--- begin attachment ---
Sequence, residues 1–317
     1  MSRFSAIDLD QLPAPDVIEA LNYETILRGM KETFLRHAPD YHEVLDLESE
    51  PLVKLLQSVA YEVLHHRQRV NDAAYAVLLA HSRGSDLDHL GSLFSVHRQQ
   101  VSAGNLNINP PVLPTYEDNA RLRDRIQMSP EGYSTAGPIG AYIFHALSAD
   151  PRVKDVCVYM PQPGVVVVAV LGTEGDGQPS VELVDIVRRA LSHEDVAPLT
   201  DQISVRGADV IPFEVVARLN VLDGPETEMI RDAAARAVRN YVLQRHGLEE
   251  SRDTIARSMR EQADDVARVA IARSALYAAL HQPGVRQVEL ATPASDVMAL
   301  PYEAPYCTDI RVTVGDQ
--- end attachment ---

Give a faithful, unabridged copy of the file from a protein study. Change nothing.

Sequence, residues 1–317
     1  MSRFSAIDLD QLPAPDVIEA LNYETILRGM KETFLRHAPD YHEVLDLESE
    51  PLVKLLQSVA YEVLHHRQRV NDAAYAVLLA HSRGSDLDHL GSLFSVHRQQ
   101  VSAGNLNINP PVLPTYEDNA RLRDRIQMSP EGYSTAGPIG AYIFHALSAD
   151  PRVKDVCVYM PQPGVVVVAV LGTEGDGQPS VELVDIVRRA LSHEDVAPLT
   201  DQISVRGADV IPFEVVARLN VLDGPETEMI RDAAARAVRN YVLQRHGLEE
   251  SRDTIARSMR EQADDVARVA IARSALYAAL HQPGVRQVEL ATPASDVMAL
   301  PYEAPYCTDI RVTVGDQ